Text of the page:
The main analyses of the experiment take place at the couple level; therefore, only partnered men are eligible to participate. We will conduct phone surveys (baseline and endline) to men participants and their female partners. IPV and other IPV-related outcomes will be measure from female partners' reponses.
External Link(s)

Registration Citation

Boyer, Christopher et al. 2022. "'Hablemos entre Patas': A Randomized-Controlled Trial of a WhatsApp Intervention to Reduce Intimate Partner Violence." AEA RCT Registry. November 29. https://doi.org/10.1257/rct.10043-1.1
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Experimental Details


HEP is a digital challenge-based program designed by the International Rescue Committee (IRC) that is delivered by a male host to groups
of 50 Peruvian men through WhatsApp. Over a 30-day period, the host shares daily behavioral and skill-building challenges on relationships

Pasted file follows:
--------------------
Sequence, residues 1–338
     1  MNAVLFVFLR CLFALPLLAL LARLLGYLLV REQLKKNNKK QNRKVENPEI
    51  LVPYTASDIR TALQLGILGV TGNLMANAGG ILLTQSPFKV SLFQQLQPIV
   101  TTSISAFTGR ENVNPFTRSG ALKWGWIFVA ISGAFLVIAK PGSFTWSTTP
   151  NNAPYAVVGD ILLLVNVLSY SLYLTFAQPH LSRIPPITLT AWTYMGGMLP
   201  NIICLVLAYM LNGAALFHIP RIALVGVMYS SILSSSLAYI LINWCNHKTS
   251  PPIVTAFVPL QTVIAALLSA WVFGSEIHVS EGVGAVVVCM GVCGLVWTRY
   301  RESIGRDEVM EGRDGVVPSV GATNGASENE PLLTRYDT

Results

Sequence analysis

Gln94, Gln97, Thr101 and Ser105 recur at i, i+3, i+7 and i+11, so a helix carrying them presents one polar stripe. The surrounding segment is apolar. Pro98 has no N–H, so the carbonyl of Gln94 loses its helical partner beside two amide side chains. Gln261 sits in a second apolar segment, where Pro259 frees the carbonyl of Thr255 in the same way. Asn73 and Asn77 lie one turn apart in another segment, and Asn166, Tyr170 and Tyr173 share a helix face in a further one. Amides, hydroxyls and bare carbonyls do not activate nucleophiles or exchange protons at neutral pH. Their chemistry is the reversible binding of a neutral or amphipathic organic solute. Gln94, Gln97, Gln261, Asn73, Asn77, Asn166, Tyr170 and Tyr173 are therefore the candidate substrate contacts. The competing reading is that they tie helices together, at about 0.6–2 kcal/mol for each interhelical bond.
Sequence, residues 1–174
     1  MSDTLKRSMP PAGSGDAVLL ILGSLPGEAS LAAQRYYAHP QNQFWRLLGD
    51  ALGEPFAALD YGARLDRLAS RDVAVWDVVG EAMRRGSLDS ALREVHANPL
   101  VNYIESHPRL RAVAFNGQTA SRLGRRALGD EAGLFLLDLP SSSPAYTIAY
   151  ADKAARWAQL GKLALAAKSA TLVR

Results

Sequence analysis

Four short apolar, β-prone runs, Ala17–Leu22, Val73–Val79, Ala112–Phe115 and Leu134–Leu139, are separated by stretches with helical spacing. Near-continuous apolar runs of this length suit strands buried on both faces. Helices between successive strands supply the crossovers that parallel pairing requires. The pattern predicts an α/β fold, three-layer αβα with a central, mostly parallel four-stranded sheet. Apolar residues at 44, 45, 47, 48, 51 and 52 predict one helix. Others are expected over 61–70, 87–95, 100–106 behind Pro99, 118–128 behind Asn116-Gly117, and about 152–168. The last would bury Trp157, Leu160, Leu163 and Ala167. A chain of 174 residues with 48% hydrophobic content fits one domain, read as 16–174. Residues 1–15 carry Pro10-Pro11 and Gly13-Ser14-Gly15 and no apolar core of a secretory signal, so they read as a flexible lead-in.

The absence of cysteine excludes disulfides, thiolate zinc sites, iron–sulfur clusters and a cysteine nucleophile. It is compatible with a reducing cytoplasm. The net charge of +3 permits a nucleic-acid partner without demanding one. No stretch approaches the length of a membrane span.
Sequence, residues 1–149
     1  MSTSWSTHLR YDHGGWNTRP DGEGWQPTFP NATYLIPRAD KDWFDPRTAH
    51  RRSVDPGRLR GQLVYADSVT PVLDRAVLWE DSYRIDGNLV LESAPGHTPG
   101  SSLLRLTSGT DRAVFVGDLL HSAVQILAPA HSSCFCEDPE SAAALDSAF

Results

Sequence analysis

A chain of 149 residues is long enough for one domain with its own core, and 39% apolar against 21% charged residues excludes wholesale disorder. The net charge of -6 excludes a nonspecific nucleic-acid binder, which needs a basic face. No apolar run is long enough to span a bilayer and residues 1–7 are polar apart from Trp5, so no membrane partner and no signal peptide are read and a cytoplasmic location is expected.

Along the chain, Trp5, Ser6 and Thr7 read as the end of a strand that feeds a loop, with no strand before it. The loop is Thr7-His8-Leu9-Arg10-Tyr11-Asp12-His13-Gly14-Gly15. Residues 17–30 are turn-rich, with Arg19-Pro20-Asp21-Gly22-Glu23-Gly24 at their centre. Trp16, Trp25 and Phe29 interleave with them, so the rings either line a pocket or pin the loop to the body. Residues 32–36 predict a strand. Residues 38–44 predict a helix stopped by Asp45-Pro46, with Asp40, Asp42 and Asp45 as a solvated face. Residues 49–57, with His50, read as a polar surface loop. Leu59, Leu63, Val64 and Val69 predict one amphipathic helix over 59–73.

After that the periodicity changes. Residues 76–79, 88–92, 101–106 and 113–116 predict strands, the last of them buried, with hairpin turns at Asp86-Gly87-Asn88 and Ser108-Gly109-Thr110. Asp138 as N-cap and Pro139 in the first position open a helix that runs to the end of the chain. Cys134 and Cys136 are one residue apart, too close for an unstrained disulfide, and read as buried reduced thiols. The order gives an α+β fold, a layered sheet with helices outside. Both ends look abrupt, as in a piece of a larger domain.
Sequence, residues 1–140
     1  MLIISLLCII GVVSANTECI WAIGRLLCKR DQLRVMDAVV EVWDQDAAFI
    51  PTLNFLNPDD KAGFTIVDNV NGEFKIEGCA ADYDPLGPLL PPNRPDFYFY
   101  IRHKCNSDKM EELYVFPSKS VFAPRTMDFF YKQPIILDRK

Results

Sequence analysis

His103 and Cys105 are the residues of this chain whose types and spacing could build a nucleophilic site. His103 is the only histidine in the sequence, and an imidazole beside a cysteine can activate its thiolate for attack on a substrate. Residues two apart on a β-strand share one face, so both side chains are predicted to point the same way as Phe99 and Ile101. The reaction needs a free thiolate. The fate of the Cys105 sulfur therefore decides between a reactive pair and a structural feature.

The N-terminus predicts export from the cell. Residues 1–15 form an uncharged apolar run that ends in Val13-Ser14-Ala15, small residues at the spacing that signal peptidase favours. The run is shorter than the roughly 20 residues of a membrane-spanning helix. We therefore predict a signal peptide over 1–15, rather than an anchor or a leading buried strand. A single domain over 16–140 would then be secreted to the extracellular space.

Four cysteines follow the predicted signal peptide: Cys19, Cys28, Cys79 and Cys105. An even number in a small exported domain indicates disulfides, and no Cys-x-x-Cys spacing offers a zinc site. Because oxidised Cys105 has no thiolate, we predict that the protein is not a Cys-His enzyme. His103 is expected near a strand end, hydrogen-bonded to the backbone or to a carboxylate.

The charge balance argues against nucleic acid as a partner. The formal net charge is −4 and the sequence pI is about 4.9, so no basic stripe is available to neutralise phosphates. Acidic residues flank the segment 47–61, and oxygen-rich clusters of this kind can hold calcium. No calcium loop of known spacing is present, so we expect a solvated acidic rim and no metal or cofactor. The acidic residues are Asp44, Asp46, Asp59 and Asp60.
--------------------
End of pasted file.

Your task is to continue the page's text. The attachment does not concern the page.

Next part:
and household management intended to improve relationship dynamics and reduce violence. In the group chat, the host provides specific behaviors men can practice with their partners to achieve their relationship and identity goals. These behaviors focus on improving communication,
emotional regulation, shared household responsibilities and sexual consent.

RMC promotes gender-equitable, violence-free relationships by directly linking men to guidance on shared household management, sex-positive
communication skills, joint financial planning, and emotional regulation skills to manage anger impulses. RMC’s methods incorporate human-centered design, field-wide “best practices”, and research on effective behavior change across a range of outputs.
Intervention Start Date
Intervention End Date

Primary Outcomes

Primary Outcomes (end points)
Main Analysis focuses on:

1. Intimate Partner Violence
2. Control and Decision Making
3. Sexual Consent
4. Communication at home
5. Conflict Resolution
Primary Outcomes (explanation)

Secondary Outcomes

Secondary Outcomes (end points)
Secondary Outcomes (explanation)

Experimental Design

Experimental Design
This study measures the effects of the RMC program through a (staggered) randomized control trial.

There are two survey waves. A baseline survey is conducted before randomization and an endline survey approximately 6 months after the intervention. Data from men and women are collected via phone surveys.